Allison Young, Monroe Fellowship at Tulane University

Allison Young

Monroe Fellowship 2021


Dr. Allison K. Young is Assistant Professor of Art History at Louisiana State University in Baton Rouge. Her scholarship focuses mainly on contemporary artists and art histories of the global South and African diaspora, and on issues surrounding migration, transnationalism, and social justice. Young’s writing has been published in platforms such as Art Journal, British Art Studies, International Review of African American Art, Slavery & Abolition, and Artforum, in addition to numerous anthologies and exhibition catalogues. She has been a Contributing Editor for Smarthistory since 2014, and before joining LSU held a position as Andrew W. Mellon Foundation Fellow for Contemporary Art at the New Orleans Museum of Art, where she curated and published an exhibition catalogue for Lina Iris Viktor: A Haven. A Hell. A Dream Deferred.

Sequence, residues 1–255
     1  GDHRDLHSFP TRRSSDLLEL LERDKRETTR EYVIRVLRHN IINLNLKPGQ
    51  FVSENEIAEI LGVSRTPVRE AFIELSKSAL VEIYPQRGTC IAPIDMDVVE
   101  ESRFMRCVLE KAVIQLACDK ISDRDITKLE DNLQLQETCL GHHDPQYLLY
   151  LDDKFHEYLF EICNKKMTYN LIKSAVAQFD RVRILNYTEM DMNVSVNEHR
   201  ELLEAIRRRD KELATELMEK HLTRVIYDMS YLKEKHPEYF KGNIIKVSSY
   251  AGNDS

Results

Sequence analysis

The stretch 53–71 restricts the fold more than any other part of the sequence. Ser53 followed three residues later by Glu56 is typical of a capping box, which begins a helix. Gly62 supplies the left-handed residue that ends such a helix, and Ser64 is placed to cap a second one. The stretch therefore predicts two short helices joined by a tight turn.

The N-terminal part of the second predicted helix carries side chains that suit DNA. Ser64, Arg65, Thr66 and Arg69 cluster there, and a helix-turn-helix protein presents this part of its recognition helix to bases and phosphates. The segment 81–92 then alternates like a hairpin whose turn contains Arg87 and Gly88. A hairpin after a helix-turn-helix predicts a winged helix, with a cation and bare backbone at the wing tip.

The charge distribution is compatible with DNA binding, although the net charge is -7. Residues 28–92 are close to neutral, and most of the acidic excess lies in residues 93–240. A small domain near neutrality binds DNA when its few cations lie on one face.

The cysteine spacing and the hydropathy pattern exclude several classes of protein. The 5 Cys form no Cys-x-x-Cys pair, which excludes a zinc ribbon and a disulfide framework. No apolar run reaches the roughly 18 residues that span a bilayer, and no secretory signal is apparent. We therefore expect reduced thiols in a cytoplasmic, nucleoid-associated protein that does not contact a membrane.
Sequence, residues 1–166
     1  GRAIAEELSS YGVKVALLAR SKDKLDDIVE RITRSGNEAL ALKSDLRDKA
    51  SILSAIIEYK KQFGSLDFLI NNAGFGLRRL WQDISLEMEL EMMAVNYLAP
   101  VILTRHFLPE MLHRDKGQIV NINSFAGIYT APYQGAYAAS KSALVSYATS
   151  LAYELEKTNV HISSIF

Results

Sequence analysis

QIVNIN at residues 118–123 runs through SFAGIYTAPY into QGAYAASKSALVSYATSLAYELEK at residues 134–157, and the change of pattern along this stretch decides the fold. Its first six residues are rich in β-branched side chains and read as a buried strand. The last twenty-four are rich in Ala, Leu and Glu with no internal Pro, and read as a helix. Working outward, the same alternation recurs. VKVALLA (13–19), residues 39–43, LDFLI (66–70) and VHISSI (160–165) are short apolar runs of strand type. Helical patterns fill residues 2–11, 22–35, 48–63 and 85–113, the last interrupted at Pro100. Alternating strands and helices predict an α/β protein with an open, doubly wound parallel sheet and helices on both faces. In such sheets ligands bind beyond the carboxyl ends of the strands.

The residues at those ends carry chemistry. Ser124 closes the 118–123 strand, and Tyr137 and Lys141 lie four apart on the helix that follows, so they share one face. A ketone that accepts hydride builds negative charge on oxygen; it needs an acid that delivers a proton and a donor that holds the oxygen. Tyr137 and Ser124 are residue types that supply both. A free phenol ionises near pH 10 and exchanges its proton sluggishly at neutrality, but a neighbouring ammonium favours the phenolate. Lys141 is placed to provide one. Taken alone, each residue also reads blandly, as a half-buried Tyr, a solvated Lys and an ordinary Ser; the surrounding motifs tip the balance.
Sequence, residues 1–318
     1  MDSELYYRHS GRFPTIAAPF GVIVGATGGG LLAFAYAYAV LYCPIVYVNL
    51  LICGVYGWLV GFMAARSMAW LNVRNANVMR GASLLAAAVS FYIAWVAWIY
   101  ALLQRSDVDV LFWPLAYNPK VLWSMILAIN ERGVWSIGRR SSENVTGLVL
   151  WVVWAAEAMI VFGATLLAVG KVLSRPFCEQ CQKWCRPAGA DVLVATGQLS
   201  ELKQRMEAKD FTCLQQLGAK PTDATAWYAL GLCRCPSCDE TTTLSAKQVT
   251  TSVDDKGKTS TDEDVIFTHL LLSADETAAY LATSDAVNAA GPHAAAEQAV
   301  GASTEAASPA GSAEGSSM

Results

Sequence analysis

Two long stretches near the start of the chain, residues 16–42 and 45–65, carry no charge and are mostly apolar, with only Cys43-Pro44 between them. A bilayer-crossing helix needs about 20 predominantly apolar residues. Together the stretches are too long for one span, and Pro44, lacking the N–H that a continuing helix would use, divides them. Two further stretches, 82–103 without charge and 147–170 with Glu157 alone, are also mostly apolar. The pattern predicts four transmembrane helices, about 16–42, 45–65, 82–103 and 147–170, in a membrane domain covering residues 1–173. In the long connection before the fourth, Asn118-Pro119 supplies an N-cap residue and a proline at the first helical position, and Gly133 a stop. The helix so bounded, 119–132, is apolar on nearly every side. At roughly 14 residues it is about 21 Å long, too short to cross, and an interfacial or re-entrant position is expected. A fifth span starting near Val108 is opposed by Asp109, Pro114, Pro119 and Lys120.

Paper Trails: On Art and History in Plantationocene Louisiana examines contemporary art, public history, and visual culture in Louisiana through the lens of the Plantationocene—a framework that places colonial, racial and environmental (in)justice at the heart of climate discourse, and which understands the extractive logics of the Middle Passage and petrochemical industries as deeply intertwined. This book project in development will focus on such issues through the lens of place-based materiality, analyzing the works of Louisiana-based contemporary artists who utilize symbolically-charged matter and potent imagery—swamp rattan and sugar bagasse, monument plinths and petrochemical run-off, crawfish mounds, soil, and the extracted scent of flood-damaged heirlooms—that serve as indexical traces of a disappearing landscape while shedding light on the fragility of Louisiana’s collective past and future. Considering works of art in connection to public history initiatives, from Paper Monuments and the Decolonized Walk of Bulbancha to the Slave Rebellion Reenactment and Whitney Plantation, Paper Trails parses the complexity of public memory and preservation efforts against the backdrop of grassroots activism, social change, and environmental precarity.